Personally, I remember liking the sandwich well enough, if not to the point where I would seek it out (except on your behalf). While I don’t stop by Mickey D’s all that often, they are ubiquitous enough that I’ll eventually be aware that the season is upon us. And for whatever reason, despite not being nearly the fan of them that you were, I’ve had at least one each season since your passing, perhaps for old time’s sake.

This may be the last year, however, if Logan, and his sources, can be believed. When I told the boys about my discovery, he acknowledged he was already aware of it being available. But more to the point, he was aware that this was being advertised as its final appearance. Once they’re sold out this season, they will not be coming back, according to his sources.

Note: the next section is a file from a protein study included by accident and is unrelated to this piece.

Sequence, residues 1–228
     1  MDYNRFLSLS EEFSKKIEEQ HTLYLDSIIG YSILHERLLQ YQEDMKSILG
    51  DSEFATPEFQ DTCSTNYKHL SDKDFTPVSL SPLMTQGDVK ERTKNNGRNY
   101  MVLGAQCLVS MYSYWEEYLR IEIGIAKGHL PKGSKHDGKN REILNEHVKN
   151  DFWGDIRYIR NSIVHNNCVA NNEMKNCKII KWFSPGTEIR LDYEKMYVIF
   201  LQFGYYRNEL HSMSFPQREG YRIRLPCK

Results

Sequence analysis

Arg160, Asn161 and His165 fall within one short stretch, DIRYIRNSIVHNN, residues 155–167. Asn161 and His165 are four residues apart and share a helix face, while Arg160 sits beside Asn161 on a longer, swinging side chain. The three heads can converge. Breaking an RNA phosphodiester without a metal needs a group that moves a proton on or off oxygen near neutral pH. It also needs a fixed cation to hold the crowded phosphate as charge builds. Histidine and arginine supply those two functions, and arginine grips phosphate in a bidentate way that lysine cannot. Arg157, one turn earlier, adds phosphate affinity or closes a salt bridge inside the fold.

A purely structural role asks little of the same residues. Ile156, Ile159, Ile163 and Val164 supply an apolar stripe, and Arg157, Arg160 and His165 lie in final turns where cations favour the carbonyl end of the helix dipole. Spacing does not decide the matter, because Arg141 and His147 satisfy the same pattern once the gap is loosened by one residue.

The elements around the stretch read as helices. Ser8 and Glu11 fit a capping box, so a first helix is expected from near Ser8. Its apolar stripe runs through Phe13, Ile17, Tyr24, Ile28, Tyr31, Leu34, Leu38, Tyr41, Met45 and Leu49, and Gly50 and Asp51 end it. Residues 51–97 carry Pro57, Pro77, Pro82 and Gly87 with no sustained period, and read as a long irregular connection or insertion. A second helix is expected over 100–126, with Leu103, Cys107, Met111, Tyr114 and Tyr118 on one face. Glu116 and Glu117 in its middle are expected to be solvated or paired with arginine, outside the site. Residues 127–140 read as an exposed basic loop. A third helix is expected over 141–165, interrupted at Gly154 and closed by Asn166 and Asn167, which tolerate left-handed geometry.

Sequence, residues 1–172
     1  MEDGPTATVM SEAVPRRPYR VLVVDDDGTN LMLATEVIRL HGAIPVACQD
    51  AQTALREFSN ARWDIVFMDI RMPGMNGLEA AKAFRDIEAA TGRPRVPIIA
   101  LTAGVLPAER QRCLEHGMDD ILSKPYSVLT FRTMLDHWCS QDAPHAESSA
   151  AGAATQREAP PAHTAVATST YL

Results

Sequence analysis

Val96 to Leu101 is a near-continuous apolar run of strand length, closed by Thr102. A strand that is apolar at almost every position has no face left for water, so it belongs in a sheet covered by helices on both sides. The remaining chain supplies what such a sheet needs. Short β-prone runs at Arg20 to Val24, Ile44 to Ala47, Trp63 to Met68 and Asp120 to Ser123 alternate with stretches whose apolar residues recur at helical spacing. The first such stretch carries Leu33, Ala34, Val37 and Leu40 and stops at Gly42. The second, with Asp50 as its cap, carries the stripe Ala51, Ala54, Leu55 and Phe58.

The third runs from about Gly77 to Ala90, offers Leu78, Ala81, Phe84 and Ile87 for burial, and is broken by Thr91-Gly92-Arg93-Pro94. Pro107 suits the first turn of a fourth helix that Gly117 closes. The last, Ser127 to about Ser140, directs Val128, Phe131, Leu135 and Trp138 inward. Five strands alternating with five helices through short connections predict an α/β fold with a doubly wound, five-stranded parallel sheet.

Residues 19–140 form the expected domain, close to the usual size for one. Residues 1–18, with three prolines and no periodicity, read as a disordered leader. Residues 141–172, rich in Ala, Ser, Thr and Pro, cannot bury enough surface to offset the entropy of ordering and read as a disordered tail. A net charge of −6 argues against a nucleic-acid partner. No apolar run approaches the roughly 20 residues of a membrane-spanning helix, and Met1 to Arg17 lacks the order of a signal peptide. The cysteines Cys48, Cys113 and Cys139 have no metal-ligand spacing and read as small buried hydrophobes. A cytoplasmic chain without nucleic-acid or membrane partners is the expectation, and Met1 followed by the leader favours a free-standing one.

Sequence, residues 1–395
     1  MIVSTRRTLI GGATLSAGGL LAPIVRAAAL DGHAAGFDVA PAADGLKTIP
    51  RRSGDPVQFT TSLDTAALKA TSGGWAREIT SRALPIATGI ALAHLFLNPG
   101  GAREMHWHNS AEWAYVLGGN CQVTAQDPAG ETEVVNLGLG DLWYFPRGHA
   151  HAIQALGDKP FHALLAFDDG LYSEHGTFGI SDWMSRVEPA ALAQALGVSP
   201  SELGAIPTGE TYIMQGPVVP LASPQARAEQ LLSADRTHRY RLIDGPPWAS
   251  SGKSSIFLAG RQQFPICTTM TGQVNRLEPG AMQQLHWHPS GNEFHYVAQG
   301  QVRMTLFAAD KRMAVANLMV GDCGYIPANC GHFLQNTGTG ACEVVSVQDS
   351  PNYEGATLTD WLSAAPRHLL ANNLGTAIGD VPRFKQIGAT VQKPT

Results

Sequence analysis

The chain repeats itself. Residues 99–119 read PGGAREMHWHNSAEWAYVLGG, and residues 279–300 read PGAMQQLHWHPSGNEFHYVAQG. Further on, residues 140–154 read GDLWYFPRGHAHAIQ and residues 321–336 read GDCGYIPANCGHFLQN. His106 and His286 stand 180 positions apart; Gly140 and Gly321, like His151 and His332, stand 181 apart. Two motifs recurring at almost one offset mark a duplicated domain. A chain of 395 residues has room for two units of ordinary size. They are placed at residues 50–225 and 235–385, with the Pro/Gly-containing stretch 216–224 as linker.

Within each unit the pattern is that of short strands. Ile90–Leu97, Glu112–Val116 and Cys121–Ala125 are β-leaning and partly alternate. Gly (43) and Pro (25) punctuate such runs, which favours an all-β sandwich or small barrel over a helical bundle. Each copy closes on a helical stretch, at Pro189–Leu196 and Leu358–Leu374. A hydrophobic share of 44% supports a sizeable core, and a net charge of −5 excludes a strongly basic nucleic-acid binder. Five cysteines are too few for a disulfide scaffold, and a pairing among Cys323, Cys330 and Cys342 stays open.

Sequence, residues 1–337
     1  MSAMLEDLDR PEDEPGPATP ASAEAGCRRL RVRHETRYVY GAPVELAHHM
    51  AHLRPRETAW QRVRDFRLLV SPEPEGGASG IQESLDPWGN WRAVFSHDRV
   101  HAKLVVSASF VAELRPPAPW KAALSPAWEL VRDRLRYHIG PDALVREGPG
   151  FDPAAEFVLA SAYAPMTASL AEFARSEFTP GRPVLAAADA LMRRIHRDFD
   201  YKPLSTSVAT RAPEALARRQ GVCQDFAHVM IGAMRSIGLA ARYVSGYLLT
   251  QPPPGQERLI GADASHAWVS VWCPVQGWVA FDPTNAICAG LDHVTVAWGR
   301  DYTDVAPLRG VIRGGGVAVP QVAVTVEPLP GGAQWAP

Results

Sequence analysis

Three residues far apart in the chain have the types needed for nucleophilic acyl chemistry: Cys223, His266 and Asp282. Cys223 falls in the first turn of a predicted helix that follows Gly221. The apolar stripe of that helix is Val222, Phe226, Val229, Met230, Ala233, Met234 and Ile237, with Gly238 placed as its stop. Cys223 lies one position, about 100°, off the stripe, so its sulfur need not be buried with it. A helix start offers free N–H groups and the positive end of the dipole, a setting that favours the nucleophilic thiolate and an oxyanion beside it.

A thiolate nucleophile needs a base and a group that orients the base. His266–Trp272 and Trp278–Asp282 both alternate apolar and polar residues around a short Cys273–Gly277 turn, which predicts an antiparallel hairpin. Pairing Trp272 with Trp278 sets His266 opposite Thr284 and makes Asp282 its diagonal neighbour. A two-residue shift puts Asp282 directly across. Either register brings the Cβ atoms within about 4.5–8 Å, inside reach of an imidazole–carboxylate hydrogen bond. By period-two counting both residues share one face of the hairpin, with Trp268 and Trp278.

Do I believe him? Well, I don’t doubt that he heard something to that effect. On my way back from this evening’s service, where I had been working the booth, I decided to order one yet again. After I’d placed my order, the screen on the drive-through showed my total (as it usually does), along with a sidebar ad for the item (which seems odd, since I’ve already made my purchase; what’s the point of upselling now?), captioned “Enjoy it like it’s your last.” In certain contexts, that sounds either morbid or threatening – but it also suggests that there may be some truth to whatever Logan heard.

And here it is, what may very well be my last McRib. It doesn’t look that much different from the first one I had, I’d wager.

On the other hand, the first few ‘McRib seasons’ were billed as ‘farewell tours’ for the seasonably popular item – and in fact, there have been gaps of several years between seasons before, as well. In short, they’ve threatened to pull it in the past, and it never really went away completely. So why should I believe it this time around?